Each year on average, five teams that made the playoffs fail to do so the following year. Thus, five teams that didn't make the playoffs show up in the postseason. The NFL has touted its parity with such statistics, and this "five in, five out" average has held true since 2000. it's only natural to speculate on five teams that will fail to repeat their regular season success and five teams that will surpass expectations. Who's in?

Dallas Cowboys

With the pressure on, Jason Garrett gets his 'Boys to perform. Quarterback Tony Romo and wide receiver Dez Bryant will connect on a far more consistent basis. Last year, Romo boasted the NFL's fourth best quarterback rating, even with a young offensive line. If the offensive line gels this year, 32-year-old Romo will take advantage of having an injury-free Bryant in tip-top shape as Bryant admitted that his conditioning was sub-par last season.

A motivated, healthy Bryant will give Romo a reliable down-field target, and Miles Austin, if he can stay healthy, is an excellent number two option. Running back DeMarco Murray has the talent, if he can stay healthy to be a Pro Bowl running back.

His injury issues date back to his Oklahoma days, and in his rookie season last year, he suffered an ankle injury. His durability could be the difference between Dallas having a good season and a great season. The controversial move to move up in the draft for Morris Claiborne shows Dallas' commitment to strengthening a troubled secondary. If Claiborne makes an immediate impact as anticipated, Dallas will be more formidable on both offense and defense during the 2012 season. The Cowboys will enter the playoffs as a wild card, but will make a run for the Lombardi trophy.

Carolina Panthers

Unlike Andy Dalton, Cam Newton will continue his dominant quarterback play. The difference between Dalton and Newton is that while teams will be able to plan for both based upon game tape, teams will not be able to plan against Newton's athleticism. Granted, the success of the Panthers depends somewhat on Steve Smith being able to live up to his 2011 resurgence (79 catches, 1,394 yards, 7 touchdowns.) At 33, it's possible Smith's production will drop off.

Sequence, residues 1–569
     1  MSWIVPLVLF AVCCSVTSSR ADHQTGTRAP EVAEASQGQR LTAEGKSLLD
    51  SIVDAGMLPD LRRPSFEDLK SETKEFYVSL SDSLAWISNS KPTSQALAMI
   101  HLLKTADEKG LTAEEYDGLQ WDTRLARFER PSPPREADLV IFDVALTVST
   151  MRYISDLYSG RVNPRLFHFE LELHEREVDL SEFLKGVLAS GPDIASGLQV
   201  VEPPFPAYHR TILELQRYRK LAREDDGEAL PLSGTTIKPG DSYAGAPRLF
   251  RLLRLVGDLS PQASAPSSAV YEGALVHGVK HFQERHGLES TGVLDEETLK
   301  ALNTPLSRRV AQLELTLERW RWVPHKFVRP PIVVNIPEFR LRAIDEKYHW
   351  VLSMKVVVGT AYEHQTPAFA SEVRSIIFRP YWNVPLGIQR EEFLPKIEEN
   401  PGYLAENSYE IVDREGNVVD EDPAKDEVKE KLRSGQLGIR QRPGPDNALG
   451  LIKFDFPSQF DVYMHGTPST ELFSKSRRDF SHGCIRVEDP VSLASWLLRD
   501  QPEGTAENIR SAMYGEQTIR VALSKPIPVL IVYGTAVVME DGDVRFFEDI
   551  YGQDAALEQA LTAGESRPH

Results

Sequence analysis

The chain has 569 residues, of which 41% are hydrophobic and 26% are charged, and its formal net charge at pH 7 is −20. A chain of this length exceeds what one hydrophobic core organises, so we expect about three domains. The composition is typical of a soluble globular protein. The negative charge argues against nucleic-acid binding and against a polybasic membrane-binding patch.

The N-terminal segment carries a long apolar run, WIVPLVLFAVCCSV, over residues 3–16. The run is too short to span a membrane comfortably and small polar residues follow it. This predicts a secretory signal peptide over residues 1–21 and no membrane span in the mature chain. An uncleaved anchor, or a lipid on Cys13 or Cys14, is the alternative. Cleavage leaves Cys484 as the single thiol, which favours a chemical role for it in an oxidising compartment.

However, tight end Greg Olsen did not live up to his potential in a dismal campaign last season. He could pick up the slack if Smith can't match his 2011 stats. First round linebacker Luke Kuechly will upgrade a defense that simply couldn't hold on to leads last season. The Panthers were swept by division rivals Saints and Falcons last season. With trouble in New Orleans and an Atlanta team that won't get hot, Carolina should improve their division record and clinch a wild card.

Philadelphia Eagles

Philadelphia certainly had the talent last year, and this year, they'll put it together. Big name additions fell short of expectations last year. While the NFL lockout had the greatest effect on rookies who missed off season training, it may also have played a part in the Eagle's disconnect between individual talent and team performance.

With a year under their belts, the "Dream Team" finally has an entire off-season together. Philadelphia had few holes to fill, and therefore could afford to go the "best player available" route in the draft. They notched Fletcher Cox, the top rated pass rusher in the 2012 draft class, and also added linebacker Mychal Kendricks, who should be able to step in as a rookie and contribute. If quarterback Michael Vick can stay healthy (which is no guarantee,) the Eagles will take the NFC East.